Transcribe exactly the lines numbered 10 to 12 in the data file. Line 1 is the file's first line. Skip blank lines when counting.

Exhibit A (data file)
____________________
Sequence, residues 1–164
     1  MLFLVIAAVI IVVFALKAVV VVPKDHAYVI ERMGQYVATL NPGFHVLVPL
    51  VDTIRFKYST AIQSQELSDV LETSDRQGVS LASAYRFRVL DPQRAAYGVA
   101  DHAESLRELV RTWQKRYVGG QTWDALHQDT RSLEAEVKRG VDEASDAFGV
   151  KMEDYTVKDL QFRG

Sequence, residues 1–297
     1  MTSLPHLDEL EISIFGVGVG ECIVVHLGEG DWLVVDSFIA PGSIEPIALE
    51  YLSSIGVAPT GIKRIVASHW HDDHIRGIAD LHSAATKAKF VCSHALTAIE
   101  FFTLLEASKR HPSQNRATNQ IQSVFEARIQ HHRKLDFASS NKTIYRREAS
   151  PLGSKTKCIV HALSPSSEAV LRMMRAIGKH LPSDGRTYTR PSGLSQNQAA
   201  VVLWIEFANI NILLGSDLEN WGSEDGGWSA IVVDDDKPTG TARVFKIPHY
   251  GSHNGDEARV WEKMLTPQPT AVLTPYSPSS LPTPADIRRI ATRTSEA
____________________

   151  PLGSKTKCIV HALSPSSEAV LRMMRAIGKH LPSDGRTYTR PSGLSQNQAA
   201  VVLWIEFANI NILLGSDLEN WGSEDGGWSA IVVDDDKPTG TARVFKIPHY
   251  GSHNGDEARV WEKMLTPQPT AVLTPYSPSS LPTPADIRRI ATRTSEA